Australia is a global leader in podcast listenership, but the growth of local industry is being stifled by measurement that many suggest simply doesn’t stack up. Fully 41 per cent of media agencies basically overlooked podcast ads in 2023, with concerns around measurement, effectiveness, addressability, and standardisation being the key barrier to uptake. It all comes down to a lack of consensus, with publishers like Spotify and Acast building out their own systems rather than working towards a more collective approach. The Triton Digital Ranker is the closest there is to an industry-wide currency, but there’s contention over the suitability of listeners and downloads as key metrics, plus buyers say it lacks the context required to make informed investments. While there’s a diversity of opinions about the way forward, what buyers can agree on is that collaboration by all stakeholders will be key if progress in podcast measurement – and therefore share of budgets – is to be made.

What you need to know: 

  • The Australian podcast market has the potential to be one of the strongest globally, but a lack of consensus and consistency in approaches to measurement is holding back growth.
  • According to the latest Infinite Dial Australia report, Australia nudged the US to become the top podcast per capita listening nation in 2023, yet the same year only 59 per cent of media agencies utlilised the channel as a “significant or regular” part of their active, per IAB Australia.
  • The absence of standardised measurement between publishers and platforms makes the jobs of media buyers difficult, with it near impossible to compare the performance of different titles – especially when they’re putting forward the data that best suits their own narrative.
  • While the monthly podcast ranker commissioned from Commercial Radio and Audio (CRA) from Triton Digital is seen as a good starting place, it offers only a surface level look at podcast performance and trends.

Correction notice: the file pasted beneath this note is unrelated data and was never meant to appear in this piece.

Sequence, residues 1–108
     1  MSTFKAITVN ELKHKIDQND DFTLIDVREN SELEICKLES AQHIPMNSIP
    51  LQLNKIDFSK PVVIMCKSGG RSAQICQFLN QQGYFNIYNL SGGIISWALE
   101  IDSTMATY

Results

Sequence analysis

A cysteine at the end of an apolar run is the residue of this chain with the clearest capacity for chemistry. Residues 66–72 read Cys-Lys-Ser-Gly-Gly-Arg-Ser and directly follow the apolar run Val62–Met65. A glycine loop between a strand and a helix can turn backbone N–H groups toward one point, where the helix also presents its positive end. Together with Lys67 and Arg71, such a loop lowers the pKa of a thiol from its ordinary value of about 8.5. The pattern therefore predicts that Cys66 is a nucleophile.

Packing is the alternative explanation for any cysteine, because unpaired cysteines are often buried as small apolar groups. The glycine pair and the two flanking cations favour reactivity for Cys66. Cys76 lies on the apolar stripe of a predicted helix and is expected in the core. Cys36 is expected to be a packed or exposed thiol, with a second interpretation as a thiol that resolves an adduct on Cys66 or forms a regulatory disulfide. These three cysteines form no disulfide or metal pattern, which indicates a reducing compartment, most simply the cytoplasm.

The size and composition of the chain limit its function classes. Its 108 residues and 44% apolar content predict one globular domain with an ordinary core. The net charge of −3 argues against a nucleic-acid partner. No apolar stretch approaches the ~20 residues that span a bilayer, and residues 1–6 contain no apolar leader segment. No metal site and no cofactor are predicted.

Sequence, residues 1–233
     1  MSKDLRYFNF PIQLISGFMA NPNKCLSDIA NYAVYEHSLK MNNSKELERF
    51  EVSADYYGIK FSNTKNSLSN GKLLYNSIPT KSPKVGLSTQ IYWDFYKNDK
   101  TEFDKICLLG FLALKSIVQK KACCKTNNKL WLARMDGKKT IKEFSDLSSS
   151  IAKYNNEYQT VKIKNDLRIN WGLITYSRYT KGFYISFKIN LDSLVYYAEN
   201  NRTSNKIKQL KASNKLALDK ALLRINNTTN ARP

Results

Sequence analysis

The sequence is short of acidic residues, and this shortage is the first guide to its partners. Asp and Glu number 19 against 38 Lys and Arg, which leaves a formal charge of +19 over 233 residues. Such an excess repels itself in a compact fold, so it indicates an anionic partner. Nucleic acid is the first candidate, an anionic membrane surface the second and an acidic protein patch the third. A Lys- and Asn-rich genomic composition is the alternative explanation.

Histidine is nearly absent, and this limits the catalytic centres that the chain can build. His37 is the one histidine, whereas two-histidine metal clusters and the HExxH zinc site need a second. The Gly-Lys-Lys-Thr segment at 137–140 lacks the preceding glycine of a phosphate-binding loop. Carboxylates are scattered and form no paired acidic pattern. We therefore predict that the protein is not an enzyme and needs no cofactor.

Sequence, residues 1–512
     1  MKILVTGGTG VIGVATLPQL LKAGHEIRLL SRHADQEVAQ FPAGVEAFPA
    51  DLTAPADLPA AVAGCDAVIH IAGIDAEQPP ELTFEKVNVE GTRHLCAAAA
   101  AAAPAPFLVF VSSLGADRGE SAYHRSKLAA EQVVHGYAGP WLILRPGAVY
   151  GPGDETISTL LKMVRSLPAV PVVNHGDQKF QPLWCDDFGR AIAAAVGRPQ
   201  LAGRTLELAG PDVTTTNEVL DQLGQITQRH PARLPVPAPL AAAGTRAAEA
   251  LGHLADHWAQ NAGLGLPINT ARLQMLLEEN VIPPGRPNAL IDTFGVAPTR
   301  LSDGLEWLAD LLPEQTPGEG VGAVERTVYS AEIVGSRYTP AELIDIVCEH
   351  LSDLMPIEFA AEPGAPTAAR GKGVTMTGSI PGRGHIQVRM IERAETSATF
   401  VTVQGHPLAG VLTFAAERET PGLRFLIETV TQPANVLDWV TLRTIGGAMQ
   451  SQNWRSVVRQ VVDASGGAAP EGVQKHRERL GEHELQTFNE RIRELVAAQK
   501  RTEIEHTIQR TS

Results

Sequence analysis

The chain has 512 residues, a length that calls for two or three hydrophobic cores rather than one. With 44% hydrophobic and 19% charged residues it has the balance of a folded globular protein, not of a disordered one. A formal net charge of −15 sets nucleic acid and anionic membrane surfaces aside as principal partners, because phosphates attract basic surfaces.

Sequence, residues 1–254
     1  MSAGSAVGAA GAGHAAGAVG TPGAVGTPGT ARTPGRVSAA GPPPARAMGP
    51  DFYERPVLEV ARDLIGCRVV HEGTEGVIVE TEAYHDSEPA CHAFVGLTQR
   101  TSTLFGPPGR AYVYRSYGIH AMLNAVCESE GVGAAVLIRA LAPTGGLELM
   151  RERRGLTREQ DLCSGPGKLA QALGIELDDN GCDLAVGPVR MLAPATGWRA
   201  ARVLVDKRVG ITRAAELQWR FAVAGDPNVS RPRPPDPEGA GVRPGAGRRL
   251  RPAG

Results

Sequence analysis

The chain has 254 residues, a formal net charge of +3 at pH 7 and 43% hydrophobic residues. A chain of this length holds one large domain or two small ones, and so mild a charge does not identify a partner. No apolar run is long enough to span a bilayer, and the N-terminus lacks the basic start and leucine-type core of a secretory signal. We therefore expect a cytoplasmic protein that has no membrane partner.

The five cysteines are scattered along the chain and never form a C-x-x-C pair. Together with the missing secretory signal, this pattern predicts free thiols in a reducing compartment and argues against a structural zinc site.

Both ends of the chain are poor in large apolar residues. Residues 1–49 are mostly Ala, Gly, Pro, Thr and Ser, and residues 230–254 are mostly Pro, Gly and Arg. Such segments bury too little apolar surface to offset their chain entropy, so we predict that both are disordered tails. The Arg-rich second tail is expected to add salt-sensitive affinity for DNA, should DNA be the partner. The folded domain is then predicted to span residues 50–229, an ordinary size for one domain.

• Spotify and Acast are both notable absentees from the ranker, opting to sell their podcast titles against their own insights and first party data.
  • The use (and definitions) of downloads and listeners is also a point of contention, though so far, there are few other options for tracking impressions or audience size.
  • Meanwhile, the likes of LiSTNR and Mamamia are supplementing the Triton Ranker with their own audience insights.
  • Media buyers point to standardisation as the solution, calling for the audio industry to collaborate on the development of a new and improved measurement currency. Without that, The Hallway’s Chris Murphy says agencies “can’t compare apples with apples”.
  • Atomic 212’s Lorraine Woods wants to see a “cost per completed listen” metric, along with CPA, attribution and standardised incremental reach.
  • Meanwhile, Spinach’s Ben Willee calls for the podcast industry to create something akin to the OMA’s MOVE if is to avoid the “colossal balls up” witnessed in the TV landscape with the entrance of global streamers.
  • Regardless of what the solution looks like, EssenceMediacom’s Stefan Boden says it all comes down to “consensus on industry standards”.

Now is the time where the audio industry should be saying ‘let’s get together to compete with global behemoths like Spotify and YouTube, so we’re really well positioned to have data and to have all of the pipes and infrastructure ready to go’. [Otherwise, just look at TV for an indication of a measurement] colossal balls up.

— Ben Willee, GM, Spinach

The Australian podcast industry is by many measures a glistening success story – we’re the top per capita podcast consuming nation globally and our home-grown content dominates local podcast rankings.

Last year’s Infinite Dial Australia report from Edison Research saw Australia surpass the US in terms of podcast listenership to take the top spot. The research – commissioned by Australia’s peak commercial audio body, Commercial Radio and Audio (CRA) – found that 33 per cent of the population aged 12 and over listened to a podcast in the last week – two points higher than the US.

But the size of the opportunity has not yet fully translated into a burgeoning podcast ad market. And that’s due to one major bugbear – measurement.